It is difficult to think of a field more affected by hypocrisy than economics and in the spirit of just that, we are convinced most readers are well aware of the fact that China tends to be portrayed as the “monetary bad guy” for devaluing its currency, with many Western counterparts (from government officials to central bankers) complaining that China has been and is developing an unfair edge over its competition via currency devaluation.
Is China a saint in all of this?
Of course not.
Are there instances in which China deserves to be portrayed as the proverbial bad guy?
Most definitely, from more than troubling aspects that pertain to human rights to legislative unpredictability. We have, in fact, covered most of them through individual articles here on ChinaFund.com. As such, we would like our visitors to never make the mistake of assuming that just because our business is called ChinaFund.com and just because we specialize in Chinese opportunities, we are somehow trying to “paint” China as the epitome of perfection.
That is hardly the case.
While there are indeed instances in which China is behaving in a manner which needs to be condemned, the currency devaluation debate doesn’t deserves to be included in this equation in our view. Is this because we believe China is not devaluing its currency? Most definitely not. On the contrary, we firmly believe that China has devalued its currency in the past so as to gain an economic (monetary) edge, it is more than willing to devalue its currency in the present and that is unlikely to change as far as the future is concerned.
Why, then, do we believe China shouldn’t be publicly shamed for this practice?
One word: hypocrisy.
If this monetary criticism would have come from entities with an impeccable track record when it comes to “fair” monetary policy, our team would have had absolutely nothing whatsoever to comment. Indeed, trying to devalue your way toward an edge isn’t exactly in the spirit of global cooperation and, on the contrary, has been at the root of many large-scale conflicts throughout our troubled history.
As perhaps a textbook example to this effect, the Great Depression of 1929 was followed by countries abandoning the gold standard en masse so as to weaken their currencies and provide a much-needed boost to exports. Unfortunately, things degenerated from there, with “currency wars” leading to “trade wars” and protectionism with everything it encompasses (primarily barriers to trade) and ultimately, yes, World War II. While World War II most definitely had a wide range of complex causes, the economic dimension can be considered the elephant in the room among common denominators time and time again throughout history.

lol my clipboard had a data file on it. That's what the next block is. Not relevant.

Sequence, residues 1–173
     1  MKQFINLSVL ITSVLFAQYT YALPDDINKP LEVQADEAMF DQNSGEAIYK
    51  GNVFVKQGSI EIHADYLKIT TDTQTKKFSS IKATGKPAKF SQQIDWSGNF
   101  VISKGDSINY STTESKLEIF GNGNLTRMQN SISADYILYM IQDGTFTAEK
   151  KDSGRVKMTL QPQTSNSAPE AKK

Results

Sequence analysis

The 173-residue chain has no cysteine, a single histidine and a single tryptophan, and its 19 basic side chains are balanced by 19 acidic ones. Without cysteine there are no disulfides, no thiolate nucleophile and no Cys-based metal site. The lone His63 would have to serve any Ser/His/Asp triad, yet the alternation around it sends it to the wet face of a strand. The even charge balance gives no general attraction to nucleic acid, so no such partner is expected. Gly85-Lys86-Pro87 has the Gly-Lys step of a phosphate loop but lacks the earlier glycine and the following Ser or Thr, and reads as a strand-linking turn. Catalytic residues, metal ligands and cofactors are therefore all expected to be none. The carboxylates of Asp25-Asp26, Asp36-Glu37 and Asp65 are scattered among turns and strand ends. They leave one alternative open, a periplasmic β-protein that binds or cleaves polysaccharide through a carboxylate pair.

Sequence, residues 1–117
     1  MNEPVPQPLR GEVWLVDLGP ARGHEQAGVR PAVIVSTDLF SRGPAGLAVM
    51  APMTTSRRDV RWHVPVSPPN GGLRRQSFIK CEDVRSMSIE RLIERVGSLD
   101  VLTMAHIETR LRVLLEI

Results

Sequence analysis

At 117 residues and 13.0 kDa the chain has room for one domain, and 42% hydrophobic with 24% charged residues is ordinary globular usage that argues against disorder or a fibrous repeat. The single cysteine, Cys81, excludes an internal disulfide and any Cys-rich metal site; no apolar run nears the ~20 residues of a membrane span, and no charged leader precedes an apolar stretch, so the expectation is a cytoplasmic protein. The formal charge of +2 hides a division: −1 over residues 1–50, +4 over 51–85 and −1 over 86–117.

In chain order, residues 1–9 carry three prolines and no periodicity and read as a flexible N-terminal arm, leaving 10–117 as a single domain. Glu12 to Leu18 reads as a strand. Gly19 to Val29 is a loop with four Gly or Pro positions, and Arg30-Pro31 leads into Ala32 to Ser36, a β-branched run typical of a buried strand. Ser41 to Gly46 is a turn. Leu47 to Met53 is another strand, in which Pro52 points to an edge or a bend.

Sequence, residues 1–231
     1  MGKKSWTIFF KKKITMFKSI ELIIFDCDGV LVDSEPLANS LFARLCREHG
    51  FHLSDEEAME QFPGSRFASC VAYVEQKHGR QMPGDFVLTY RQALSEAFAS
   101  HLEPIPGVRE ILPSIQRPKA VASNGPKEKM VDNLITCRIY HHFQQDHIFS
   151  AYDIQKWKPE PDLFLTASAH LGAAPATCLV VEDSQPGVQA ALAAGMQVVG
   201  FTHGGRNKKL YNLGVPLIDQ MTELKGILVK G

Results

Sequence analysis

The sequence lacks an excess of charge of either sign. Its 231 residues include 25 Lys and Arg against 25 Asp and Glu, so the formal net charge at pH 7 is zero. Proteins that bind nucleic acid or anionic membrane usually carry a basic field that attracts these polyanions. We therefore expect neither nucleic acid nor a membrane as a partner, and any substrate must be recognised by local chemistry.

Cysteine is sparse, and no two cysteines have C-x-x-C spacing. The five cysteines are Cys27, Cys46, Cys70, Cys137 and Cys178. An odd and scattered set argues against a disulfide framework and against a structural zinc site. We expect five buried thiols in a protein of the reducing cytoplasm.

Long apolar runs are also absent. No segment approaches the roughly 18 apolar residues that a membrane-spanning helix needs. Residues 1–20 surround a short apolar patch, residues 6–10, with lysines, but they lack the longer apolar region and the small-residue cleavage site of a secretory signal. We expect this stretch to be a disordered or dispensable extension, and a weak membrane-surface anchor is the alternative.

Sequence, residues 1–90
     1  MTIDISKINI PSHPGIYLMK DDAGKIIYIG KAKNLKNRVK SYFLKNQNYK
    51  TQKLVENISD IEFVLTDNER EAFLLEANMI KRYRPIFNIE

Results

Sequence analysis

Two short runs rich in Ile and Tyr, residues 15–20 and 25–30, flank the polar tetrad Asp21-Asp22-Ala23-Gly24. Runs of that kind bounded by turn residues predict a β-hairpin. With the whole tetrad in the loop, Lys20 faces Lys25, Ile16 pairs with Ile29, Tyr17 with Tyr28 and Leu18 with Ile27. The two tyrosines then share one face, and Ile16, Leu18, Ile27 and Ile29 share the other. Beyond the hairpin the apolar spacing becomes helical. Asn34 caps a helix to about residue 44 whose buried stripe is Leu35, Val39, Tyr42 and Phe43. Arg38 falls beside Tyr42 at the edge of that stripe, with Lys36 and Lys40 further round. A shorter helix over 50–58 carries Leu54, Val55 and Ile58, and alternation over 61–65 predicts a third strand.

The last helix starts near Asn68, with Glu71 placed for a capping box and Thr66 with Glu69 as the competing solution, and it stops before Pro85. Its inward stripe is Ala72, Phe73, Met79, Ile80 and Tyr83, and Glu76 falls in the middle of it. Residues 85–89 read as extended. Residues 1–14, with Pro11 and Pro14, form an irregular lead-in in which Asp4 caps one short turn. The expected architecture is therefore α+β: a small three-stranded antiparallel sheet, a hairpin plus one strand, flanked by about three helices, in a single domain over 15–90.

Fast-forward to the present, with it being time to look at who exactly is criticizing China vocally.
On the one hand, of course, the United States. However, does the US have the moral authority to lecture anyone on this matter in light of the fact that in an effort to combat the economic effects of the Great Recession of 2008-2009, they’ve embarked on an impressive currency devaluation mission through measures which ranged from lowering interest rates all the way down to zero to even “printing” money through their Quantitative Easing programs? At the height of Quantitative Easing, roughly 85 billion dollars were created each month and injected into the financial system, or approximately one trillion dollars yearly. To provide additional context, from 1913 (the year in which the third central bank of the US, the Federal Reserve, appeared) up until the Great Recession (in other words, almost 100 years), the monetary base consisted of roughly 800 billion US dollars. To put it differently, more money was “printed” in one year at the height of QE than had existed after almost 100 years of US central banking.
Who else is quick to criticize China? Of course, the European Union. However, again, does it hold the moral higher ground here in light of the fact that its central bank (the European Central Bank) out-did the United States in a binary manner? On the one hand by bringing interest rates in negative territory rather than “just” down to zero and on the other hand, “printing” even more than the Federal Reserve at the height of the ECB’s easing process?
Is China the proverbial “good guy” or even victim in all of this?
Most definitely not.
The ChinaFund.com team is not trying to state that China is somehow the positive character in this story, that would be just as hypocritical as criticism coming from the Fed or ECB. What we are trying to explain is that there are no “good guys” in this entire equation when it comes to sovereign entities and the only victims are the people who end up being affected by the unsustainable system this is transitioning into.
While human beings tend to be quite inapt when it comes to predicting the future, we believe it is fairly safe to assume that at one point or another, something will put an end to the unsustainable worldwide (most certainly not just Chinese!) monetary status quo. Furthermore, when this happens, it is hard to envision it not being a macroeconomic game-changer.
On the one hand, as history tends to show us, this will likely result in at the very least economic destruction on all fronts but on the other hand, opportunities abound for those who were able to position themselves on the right side of such a generational transfer of wealth. Should you or your organization be interested in the latter, the ChinaFund.com team is here to put its expertise as well as non-hypocritical modus operandi at your disposal.